Penn State was passed over yesterday for a BCS bowl invitation, but that didn't bother Joe Paterno in the least. After all, the Nittany Lions' iconic head coach has 17 grandchildren.

In his discussions with them (the oldest is 14), they made it clear that Orlando was the desired destination. And the Lions got that when they were invited to the Capital One Bowl at Florida Citrus Bowl Stadium on Jan. 1 against Louisiana State.

"They kept bugging me," Paterno, who celebrates his 83d birthday on Dec. 20, said last night on a conference call with reporters. "They wanted to go to the Peabody Hotel and see the ducks. They wanted to go to Disney World and Sea World.

"This is going to be a great game. Our guys are excited. I'm excited. We are playing a good opponent in LSU. It's going to be a fun game for us."

The Nittany Lions (10-2) were hopeful of getting a BCS bid over Iowa, but the result of their head-to-head matchup on Sept. 26 - a 21-10 loss to the Hawkeyes at Beaver Stadium - proved too much to overcome. Iowa finished 10th in the final BCS standings, three rungs above Penn State.

A BCS bowl pays $17 million to each team. The Capital One Bowl will pay an estimated $4.25 million. But in the Big Ten, after a set amount for team expenses is taken out, the 11 member schools divide bowl revenue for all teams equally.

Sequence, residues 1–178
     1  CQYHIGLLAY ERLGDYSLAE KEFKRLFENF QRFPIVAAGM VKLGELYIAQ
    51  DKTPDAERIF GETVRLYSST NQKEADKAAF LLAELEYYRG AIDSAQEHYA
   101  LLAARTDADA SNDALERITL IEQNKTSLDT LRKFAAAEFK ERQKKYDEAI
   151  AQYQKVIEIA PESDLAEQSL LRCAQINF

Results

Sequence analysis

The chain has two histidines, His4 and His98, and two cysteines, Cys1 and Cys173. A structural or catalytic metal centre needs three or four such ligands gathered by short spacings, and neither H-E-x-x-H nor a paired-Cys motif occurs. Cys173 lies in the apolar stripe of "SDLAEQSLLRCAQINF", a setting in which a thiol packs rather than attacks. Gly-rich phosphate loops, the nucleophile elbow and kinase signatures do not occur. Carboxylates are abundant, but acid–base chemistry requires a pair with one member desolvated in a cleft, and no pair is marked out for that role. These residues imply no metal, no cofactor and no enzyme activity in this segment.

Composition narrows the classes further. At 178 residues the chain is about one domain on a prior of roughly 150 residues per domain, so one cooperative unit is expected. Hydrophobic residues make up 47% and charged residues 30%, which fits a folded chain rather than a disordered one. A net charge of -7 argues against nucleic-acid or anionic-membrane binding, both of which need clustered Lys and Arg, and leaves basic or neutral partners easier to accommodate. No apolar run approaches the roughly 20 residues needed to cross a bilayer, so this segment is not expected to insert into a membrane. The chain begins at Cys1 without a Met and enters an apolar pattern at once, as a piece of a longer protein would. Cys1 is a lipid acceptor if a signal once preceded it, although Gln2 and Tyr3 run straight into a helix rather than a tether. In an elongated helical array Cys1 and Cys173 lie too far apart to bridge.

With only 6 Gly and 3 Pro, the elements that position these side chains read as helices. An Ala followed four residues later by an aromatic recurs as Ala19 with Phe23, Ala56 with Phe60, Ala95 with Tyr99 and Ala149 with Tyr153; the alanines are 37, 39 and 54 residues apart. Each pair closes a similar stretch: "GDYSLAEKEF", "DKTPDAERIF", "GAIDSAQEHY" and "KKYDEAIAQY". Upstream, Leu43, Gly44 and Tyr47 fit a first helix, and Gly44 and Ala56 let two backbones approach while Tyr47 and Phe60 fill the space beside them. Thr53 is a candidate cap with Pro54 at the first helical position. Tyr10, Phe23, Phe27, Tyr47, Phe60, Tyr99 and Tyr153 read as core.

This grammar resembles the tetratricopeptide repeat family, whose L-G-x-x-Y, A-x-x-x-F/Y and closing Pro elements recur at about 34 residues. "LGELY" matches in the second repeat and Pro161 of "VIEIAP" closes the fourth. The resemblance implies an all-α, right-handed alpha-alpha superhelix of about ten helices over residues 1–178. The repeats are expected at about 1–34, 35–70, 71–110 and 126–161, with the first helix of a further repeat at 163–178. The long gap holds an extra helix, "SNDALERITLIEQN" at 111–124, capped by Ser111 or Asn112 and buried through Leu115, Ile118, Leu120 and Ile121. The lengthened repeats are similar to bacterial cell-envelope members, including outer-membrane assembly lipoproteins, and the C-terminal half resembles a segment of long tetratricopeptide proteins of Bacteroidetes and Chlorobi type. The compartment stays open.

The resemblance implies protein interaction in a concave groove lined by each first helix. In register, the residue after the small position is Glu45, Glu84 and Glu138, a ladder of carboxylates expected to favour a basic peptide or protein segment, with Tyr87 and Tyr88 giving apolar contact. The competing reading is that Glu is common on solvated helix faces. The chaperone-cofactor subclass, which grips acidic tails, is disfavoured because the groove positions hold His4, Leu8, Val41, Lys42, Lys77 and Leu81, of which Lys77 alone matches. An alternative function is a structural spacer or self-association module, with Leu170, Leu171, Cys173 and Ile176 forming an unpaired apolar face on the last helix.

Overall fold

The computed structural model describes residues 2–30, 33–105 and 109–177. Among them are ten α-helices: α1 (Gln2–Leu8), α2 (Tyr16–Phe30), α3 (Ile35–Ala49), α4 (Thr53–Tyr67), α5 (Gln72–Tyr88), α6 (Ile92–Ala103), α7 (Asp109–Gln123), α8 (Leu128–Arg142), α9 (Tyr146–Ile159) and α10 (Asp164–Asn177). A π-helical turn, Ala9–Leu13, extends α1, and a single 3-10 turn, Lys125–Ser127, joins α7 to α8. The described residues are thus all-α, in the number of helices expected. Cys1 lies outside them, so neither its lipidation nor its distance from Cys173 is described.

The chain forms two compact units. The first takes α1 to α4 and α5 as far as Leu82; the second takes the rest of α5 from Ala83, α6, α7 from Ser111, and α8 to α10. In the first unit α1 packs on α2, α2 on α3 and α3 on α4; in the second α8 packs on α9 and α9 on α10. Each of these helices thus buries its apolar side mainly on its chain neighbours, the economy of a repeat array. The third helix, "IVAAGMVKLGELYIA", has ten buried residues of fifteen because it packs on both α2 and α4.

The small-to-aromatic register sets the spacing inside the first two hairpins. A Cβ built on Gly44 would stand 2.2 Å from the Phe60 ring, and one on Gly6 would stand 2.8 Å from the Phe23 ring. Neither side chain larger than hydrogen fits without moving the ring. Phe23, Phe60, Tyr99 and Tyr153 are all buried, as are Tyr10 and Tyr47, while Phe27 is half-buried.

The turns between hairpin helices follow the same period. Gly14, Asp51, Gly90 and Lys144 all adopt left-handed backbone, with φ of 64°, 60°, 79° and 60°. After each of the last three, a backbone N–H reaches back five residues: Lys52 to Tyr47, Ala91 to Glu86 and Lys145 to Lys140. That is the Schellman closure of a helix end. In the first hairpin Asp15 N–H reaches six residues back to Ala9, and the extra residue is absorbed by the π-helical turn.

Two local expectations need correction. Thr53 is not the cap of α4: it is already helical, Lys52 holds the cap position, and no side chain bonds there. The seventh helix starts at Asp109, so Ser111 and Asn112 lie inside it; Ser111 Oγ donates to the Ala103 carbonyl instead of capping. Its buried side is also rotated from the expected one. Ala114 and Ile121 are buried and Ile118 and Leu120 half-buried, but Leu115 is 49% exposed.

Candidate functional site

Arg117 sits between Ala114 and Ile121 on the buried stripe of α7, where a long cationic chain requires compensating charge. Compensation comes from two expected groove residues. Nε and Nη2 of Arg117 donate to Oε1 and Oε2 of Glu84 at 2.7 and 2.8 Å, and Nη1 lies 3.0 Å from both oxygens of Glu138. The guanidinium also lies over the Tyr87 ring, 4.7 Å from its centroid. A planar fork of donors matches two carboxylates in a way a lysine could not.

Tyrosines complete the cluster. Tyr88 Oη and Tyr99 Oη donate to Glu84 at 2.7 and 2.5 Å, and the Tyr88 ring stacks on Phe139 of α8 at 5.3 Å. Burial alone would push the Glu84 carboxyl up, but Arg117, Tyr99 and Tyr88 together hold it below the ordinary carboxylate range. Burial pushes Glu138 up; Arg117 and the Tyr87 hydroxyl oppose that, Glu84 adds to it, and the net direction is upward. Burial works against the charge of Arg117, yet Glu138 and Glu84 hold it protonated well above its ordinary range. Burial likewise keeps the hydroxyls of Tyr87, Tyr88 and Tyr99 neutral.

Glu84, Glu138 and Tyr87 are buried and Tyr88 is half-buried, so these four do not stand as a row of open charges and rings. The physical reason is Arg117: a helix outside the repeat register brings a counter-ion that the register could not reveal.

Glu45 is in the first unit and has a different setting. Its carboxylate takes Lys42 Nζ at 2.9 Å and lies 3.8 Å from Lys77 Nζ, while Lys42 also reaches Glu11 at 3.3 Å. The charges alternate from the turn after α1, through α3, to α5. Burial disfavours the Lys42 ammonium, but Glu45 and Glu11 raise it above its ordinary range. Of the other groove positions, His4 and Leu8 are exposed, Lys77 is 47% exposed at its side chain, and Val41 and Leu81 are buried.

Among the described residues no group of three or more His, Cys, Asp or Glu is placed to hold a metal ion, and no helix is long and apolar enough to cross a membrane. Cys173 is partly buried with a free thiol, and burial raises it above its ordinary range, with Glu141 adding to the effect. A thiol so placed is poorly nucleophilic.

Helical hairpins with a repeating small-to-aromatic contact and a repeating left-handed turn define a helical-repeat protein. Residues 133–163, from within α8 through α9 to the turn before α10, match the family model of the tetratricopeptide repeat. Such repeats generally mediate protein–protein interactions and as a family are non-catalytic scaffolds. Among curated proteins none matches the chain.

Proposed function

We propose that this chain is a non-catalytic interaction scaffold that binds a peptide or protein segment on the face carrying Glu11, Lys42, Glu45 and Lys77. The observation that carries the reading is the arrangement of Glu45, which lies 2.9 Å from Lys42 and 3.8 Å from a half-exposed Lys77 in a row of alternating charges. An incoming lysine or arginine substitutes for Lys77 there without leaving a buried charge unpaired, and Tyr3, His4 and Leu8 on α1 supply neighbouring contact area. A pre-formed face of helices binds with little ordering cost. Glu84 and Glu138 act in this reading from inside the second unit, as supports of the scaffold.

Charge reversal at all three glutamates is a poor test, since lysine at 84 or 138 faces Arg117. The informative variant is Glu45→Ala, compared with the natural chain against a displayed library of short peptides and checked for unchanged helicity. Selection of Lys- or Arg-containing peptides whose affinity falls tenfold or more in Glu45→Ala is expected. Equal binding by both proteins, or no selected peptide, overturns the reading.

"The only thing important to me, as far as our football team was concerned, was that we go somewhere where we could have a good time, a place our fans could go to, and have a really good opponent," Paterno said. "All those things worked out for us. You could put a BCS in front of it or a BCS behind it. It didn't bother me at all."

This will be Penn State's 42d bowl game, its 36th with Paterno as head coach. Paterno, who has 393 career victories, is 23-11-1 in bowl games, with a 16-7 mark in New Year's Day games.

The game against LSU will mark only the second meeting between the two traditional football powers. Their other contest was the 1974 Orange Bowl, the final collegiate game for Heisman Trophy winner John Cappelletti, where the Lions took a 16-7 victory to finish 12-0.

When he was a Penn State assistant, Paterno said he used to hang out at coaches' conventions with LSU assistant Paul Dietzel, who, like Paterno, eventually was promoted to head coach. They talked about scheduling each other, but it never worked out.

Paterno said he watches today's Tigers whenever he can.

"I look at some of the things they do on defense and some of the things they do on offense," he said. "I know a little bit more about them than I would somebody else. I watch them because they've been successful. We're all copycats, and I'll find something I like from them and put it in."

The Tigers, who finished 12th in the BCS, went 9-3 this season, but two of their losses were to then-No. 1 Florida (13-3) and then-No. 2 Alabama (24-15). Their other defeat came at the hands of Mississippi.

LSU coach Les Miles was an assistant at Michigan when Penn State joined the Big Ten in 1993. The Wolverines visited Beaver Stadium that season, and Miles called it "a very fond memory."

"We recognize Coach Paterno is one of the great coaches of all time," Miles said in a conference call. "He will have his Penn State team trained and prepared as well as any. Having seen them in the Big Ten, we recognize it will be a very physical contest. It will be a challenge for us."

Contact staff writer Joe Juliano at 215-854-4494 or jjuliano@phillynews.com.